In the fall of 1952, my mom carefully dressed me in my yellow raingear, kissed me on the cheek, and sent me down the long road that would take me to Larrabee Elementary School. There, far from Mother’s focused tutelage, my first year of grade school unfolded at a pace that was so unbearably slow, I feared I would burst into flames out of utter frustration. At home, things moved along nicely. At school, we spent three days studying the letter A. It was if the very fabric of time had been altered.
To measure the rate at which time was passing at school, I set up a test. I decided to stare intently at our classroom clock during our fifteen-minute afternoon nap. I would lay my head on my desk (as required), stare at the clock, and not look away for even a moment as the second-hand slowly marked time. This would give me a feel for the speed at which school life was actually passing. It would not be an easy feat, given that I ate Sugar Corn Pops for breakfast each morning and my lunch always ended with two Twinkies. Under normal conditions, I gave chipmunks the jitters.
As naptime began and my classmates settled into a pleasant respite, I settled into a fixed stare. Not good. It wasn’t long until my body began to vibrate as my skeleton writhed inside my skin. My extremities began to itch as tiny sprites wearing feather slippers skipped across my arms and legs. My eyes bugged as they fought to hold focus on the clock’s plodding second hand.
But I didn’t give up. I hung on until the very last tic of the clock and learned that time in Miss McCloud’s classroom moved at about 1/4 MST (Mom’s Standard Time). It was official. The first grade was going to take four years.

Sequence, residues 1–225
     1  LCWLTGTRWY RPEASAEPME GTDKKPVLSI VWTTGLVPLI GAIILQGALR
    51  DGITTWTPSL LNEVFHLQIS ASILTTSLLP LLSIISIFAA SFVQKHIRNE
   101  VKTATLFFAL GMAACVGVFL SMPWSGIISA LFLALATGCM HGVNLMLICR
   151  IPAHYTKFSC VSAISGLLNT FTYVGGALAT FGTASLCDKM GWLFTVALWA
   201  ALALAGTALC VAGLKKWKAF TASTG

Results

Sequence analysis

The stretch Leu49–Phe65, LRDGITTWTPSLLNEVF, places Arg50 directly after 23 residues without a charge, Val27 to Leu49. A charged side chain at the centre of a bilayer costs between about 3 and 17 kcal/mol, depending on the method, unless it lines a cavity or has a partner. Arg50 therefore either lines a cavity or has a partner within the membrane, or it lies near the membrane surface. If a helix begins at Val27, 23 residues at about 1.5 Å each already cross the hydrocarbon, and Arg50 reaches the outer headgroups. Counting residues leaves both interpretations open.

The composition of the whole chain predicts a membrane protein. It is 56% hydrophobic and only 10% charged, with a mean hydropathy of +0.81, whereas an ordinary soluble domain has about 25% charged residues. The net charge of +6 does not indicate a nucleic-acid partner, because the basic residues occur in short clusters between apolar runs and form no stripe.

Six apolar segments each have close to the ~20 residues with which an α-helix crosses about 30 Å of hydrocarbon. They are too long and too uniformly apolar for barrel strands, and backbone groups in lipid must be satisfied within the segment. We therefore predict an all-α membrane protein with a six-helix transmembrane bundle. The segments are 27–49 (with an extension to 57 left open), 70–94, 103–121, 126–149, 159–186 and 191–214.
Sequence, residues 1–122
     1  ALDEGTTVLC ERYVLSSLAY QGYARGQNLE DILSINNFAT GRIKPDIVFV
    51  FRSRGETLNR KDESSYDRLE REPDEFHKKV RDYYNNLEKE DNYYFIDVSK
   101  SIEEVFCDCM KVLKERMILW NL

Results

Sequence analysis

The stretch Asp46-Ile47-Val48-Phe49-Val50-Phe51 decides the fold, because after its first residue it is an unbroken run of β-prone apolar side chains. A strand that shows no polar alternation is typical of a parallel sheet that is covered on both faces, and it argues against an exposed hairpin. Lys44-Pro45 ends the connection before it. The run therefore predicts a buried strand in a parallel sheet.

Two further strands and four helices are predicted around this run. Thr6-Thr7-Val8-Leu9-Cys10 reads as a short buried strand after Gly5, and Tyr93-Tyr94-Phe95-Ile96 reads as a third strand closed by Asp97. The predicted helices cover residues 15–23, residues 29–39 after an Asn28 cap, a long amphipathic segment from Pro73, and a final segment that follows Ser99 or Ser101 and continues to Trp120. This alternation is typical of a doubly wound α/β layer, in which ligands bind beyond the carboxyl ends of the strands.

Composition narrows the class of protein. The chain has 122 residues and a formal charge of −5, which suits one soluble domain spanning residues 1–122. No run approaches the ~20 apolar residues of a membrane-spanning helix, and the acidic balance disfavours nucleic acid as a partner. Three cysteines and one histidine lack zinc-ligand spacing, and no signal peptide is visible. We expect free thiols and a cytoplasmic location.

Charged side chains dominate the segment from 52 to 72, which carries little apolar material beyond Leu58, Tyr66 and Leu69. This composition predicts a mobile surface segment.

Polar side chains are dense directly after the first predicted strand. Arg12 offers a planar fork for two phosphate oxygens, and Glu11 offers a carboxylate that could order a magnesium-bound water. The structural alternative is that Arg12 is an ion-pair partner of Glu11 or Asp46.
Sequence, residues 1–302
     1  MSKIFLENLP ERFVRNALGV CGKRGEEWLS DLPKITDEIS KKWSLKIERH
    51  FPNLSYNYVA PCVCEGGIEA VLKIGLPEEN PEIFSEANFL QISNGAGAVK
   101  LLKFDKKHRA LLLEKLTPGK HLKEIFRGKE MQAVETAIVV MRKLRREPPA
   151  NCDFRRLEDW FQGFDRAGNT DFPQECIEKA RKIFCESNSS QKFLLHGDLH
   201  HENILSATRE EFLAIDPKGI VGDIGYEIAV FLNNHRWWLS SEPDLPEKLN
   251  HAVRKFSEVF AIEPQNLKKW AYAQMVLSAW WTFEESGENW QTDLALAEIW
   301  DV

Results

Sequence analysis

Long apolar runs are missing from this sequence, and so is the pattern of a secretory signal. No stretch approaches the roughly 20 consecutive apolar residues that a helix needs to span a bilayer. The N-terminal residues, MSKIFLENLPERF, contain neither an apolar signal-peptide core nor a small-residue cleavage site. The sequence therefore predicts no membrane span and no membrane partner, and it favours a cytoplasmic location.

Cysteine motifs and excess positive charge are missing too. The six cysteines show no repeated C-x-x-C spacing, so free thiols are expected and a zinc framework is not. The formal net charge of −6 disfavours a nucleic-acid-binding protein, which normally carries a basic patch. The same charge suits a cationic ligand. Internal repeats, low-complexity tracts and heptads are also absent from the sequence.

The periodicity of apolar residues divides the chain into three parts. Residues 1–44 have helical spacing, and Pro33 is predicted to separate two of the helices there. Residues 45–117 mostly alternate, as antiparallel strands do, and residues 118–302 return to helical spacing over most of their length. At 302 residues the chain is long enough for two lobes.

Suffering the slow passage of time was a problem, but it paled in comparison to the challenge of being exposed to foreign thoughts and traditions. The way other people celebrated holidays was particularly unnerving. Wreaths were different. Mom hadn’t made them. Songs were weird. Mom hadn’t sung them. And worst of all, some of the school holidays were completely new to me. Mom hadn’t celebrated them.
For instance, Miss McCloud asked us to pull out our white paste and blunt-nosed scissors one day while she passed out colored construction paper and pipe cleaners. “You can use these materials,” she explained, “to make something special. I’ll teach you how to cut strips of colored construction paper and weave and paste them into a beautiful May basket”—which we faithfully did for the next two days.
When May Day finally arrived, an overzealous PE teacher herded us onto the playground and forced us to weave and careen off one another as we reenacted the pagan ritual of decorating a Maypole. After several false starts, we managed to wrap colored material tightly around a ten-foot pole in one of the least festive and most unattractive holiday productions ever attempted. Teachers declared our Maypole a failure and we kids solemnly marched back to our classrooms.
“I’ve left the best for last,” Miss M. blurted in an effort to lift our spirits. “At the end of today’s class you get to take home your beautiful May basket. And then guess what—you and your parents will fill your basket with candy or flowers and secretly hang it on a neighbor’s front door. It’s a May Day tradition.”
What? I had made my basket for my mother, not strangers. Plus, We didn’t have flowers or candy hanging around the house. Even if we did, I wasn’t about to give any of it away. The plan Miss McCloud was suggesting was heretical—kids giving candy to adults? It was like anti-Halloween.